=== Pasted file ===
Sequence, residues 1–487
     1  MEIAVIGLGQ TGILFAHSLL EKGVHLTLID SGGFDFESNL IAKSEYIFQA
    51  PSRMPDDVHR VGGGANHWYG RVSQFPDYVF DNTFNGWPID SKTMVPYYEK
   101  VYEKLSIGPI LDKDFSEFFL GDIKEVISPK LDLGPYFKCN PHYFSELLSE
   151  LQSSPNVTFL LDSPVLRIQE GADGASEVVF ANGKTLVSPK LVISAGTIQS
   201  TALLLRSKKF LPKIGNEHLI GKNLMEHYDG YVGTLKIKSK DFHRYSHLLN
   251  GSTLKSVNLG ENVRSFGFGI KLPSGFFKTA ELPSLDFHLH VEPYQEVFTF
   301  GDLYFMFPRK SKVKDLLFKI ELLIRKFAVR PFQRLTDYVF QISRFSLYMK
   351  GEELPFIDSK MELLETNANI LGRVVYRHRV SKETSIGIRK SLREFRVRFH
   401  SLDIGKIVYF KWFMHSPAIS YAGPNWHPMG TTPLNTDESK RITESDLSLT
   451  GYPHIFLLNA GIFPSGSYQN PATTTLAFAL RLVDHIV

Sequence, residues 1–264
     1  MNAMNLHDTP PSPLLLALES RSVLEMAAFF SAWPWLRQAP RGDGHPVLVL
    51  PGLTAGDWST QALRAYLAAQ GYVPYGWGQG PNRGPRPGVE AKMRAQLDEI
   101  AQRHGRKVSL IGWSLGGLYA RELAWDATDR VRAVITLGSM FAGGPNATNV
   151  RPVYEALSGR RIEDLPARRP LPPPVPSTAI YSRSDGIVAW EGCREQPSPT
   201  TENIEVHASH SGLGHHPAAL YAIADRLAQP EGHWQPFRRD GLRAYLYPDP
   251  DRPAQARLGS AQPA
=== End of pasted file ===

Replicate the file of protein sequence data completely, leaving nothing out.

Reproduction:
Sequence, residues 1–487
     1  MEIAVIGLGQ TGILFAHSLL EKGVHLTLID SGGFDFESNL IAKSEYIFQA
    51  PSRMPDDVHR VGGGANHWYG RVSQFPDYVF DNTFNGWPID SKTMVPYYEK
   101  VYEKLSIGPI LDKDFSEFFL GDIKEVISPK LDLGPYFKCN PHYFSELLSE
   151  LQSSPNVTFL LDSPVLRIQE GADGASEVVF ANGKTLVSPK LVISAGTIQS
   201  TALLLRSKKF LPKIGNEHLI GKNLMEHYDG YVGTLKIKSK DFHRYSHLLN
   251  GSTLKSVNLG ENVRSFGFGI KLPSGFFKTA ELPSLDFHLH VEPYQEVFTF
   301  GDLYFMFPRK SKVKDLLFKI ELLIRKFAVR PFQRLTDYVF QISRFSLYMK
   351  GEELPFIDSK MELLETNANI LGRVVYRHRV SKETSIGIRK SLREFRVRFH
   401  SLDIGKIVYF KWFMHSPAIS YAGPNWHPMG TTPLNTDESK RITESDLSLT
   451  GYPHIFLLNA GIFPSGSYQN PATTTLAFAL RLVDHIV

Sequence, residues 1–264
     1  MNAMNLHDTP PSPLLLALES RSVLEMAAFF SAWPWLRQAP RGDGHPVLVL
    51  PGLTAGDWST QALRAYLAAQ GYVPYGWGQG PNRGPRPGVE AKMRAQLDEI
   101  AQRHGRKVSL IGWSLGGLYA RELAWDATDR VRAVITLGSM FAGGPNATNV
   151  RPVYEALSGR RIEDLPARRP LPPPVPSTAI YSRSDGIVAW EGCREQPSPT
   201  TENIEVHASH SGLGHHPAAL YAIADRLAQP EGHWQPFRRD GLRAYLYPDP
   251  DRPAQARLGS AQPA